Socialist Presidential Candidate Ivaylo Kalfin: A Dignified, Strong Bulgaria Should Be National IdealInterview |Author: Ivan Dikov | October 20, 2011, Thursday // 18:33| views
Ivaylo Kalfin with his running map Stefan Danailov in the background. Photo by BGNES
Interview of Novinite.com (Sofia News Agency) with Ivaylo Kalfin, candidate for President of the Republic of Bulgaria in the 2011 presidential elections from the Bulgarian Socialist Party and its leftist coalition.
Kalfin, a former founding member of the Bulgarian Social-democrats Movement, was Bulgaria's Foreign Minister in the three-way coalition government in 2005-2009. Since 2009, he has served a Bulgarian Member of the European Parliament from the Group of the Socialists and Democrats. In 2002-2003, he was an economic adviser to Bulgarian President Georgi Parvanov.
You are the candidate for President of the Bulgarian Socialist Party and its leftist coalition. Many people view you as the candidate who is close to outgoing President Georgi Parvanov. What are the social layers and factors you will be counting on for support? How is your bid affected by the fact that you are not a member of the Socialist Party but belong to the Social Democrats movement?
First of all, I haven't been a member of any party since in 2002 I worked for a while at the presidential administration. The thing you mentioned about my being close to Parvanov stems from there – I am as close to him as any former employee of his administration can be.
So what we see right now is that I am indeed the candidate of the left, and I enjoy the support of some 25 leftist organizations – socialists, communists, social-democrats, environmentalists, the Fatherland Union, the Union of Thracian Associations. Of course, my running mate Stefan Danailov and I will need a broader support than that. I rely on anybody who wish to prevent the current policies of the ruling party GERB from occupying the Presidency.
How do you view President Parvanov's two terms' legacy? What were his successes and failures in the past 10 years?
Bulgaria progressed a great deal in the past 10 years, and the President has contributed to that indisputably. This refers to a wide array of topics: Bulgaria's accession to the EU and NATO, its economic development that we had up until 2 years ago, the various projects for protection of Bulgaria's cultural heritage, the national dignity, a number of foreign policy initiatives.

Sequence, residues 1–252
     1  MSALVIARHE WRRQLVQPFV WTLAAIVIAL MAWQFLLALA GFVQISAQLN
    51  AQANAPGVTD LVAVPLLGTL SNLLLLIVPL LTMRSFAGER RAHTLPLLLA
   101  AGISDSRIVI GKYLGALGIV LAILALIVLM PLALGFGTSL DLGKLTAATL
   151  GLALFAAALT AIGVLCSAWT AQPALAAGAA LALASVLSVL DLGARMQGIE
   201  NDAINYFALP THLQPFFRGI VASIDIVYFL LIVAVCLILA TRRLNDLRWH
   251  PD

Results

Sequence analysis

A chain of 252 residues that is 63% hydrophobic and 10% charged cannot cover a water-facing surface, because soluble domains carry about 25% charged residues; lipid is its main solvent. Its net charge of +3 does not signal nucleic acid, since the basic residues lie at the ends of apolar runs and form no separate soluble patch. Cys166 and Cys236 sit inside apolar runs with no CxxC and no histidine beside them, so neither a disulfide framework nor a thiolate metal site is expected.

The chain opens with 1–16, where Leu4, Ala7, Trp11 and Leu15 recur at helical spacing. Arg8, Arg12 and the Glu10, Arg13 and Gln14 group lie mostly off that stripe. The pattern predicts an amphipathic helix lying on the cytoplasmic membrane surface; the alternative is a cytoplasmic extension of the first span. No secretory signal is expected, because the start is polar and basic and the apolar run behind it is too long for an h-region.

Bulgaria's President Parvanov has his fair share in these successes. From here on, however, Bulgaria needs new priorities since the goal of joining the EU was achieved and can no longer mobilize the nation.
We need new goals, new incentives, new motives to go forward for our citizens and institutions.
In my view, these need to be everyday matters, in a sense. We need to mobilize our energies to achieve economic growth, jobs, greater income levels. Bulgaria's institutions need to work on education and healthcare now, not to leave that for the future.
You represented Bulgaria at top positions in international politics in an extremely important period for its development. Which do you think were your greatest achievements as Foreign Minister of Bulgaria and now a Member of the European Parliament?
In my capacity as Foreign Minister, the most important achievement was doubtlessly Bulgaria's EU accession. When I took over, only one of the 25 EU member states had ratified Bulgaria's accession treaty. We managed to get all other 24 to ratify the treaty as early as we could. Because back then there were countries threatening not to do that.
The achievement with which I am personally most satisfied is the freeing of the Bulgarian medics who were jailed in Libya as part of the HIV Trial. Also, for the first time since 1944, we adopted a law about the Bulgarian diplomatic corps that helped put it in order. We started a number of initiatives – the Black Sea cooperation, the cooperation in the Western Balkans. It was a very active period for Bulgaria's diplomacy, and I am happy about what I achieved.
In my capacity as a MEP in the past years, I am glad that I managed to establish an authority among my colleagues. I've worked on issues such as the allocation of EUR 300 M more in decommissioning aid for the Bulgarian nuclear power plant in Kozloduy. I am a member of several of the most important committees of the European Parliament.
A few months ago, I was named one of the five MEPs who will be conducting the budget talks with the EU member states about the next multiannual financial framework for 2014-2020, and I am the only from the Group of the Socialists, and from Eastern Europe. This is a recognition for my work as a MEP.
Is the two-year rule of the government of Boyko Borisov a success or a failure? What will your relations be with Borisov and his Cabinet if you get elected President?
The success that can be noted here is the financial and fiscal stability of Bulgaria. But unfortunately, that has been achieved at a very high price, and on the wrong foundations.
Furthermore, it is obscured by the problems that are accruing constantly. This government is totally disregarding issues such as people's income, the creation of jobs, education, healthcare. It is focusing on other activities that don't help Bulgaria improve.
The current Bulgarian government has policies that are contrary to what any other EU member state has been doing to cope with the economic crisis, and we are yet to pay the price for that. I think that its policies are based on division and aggression that set us back by at least 15 years.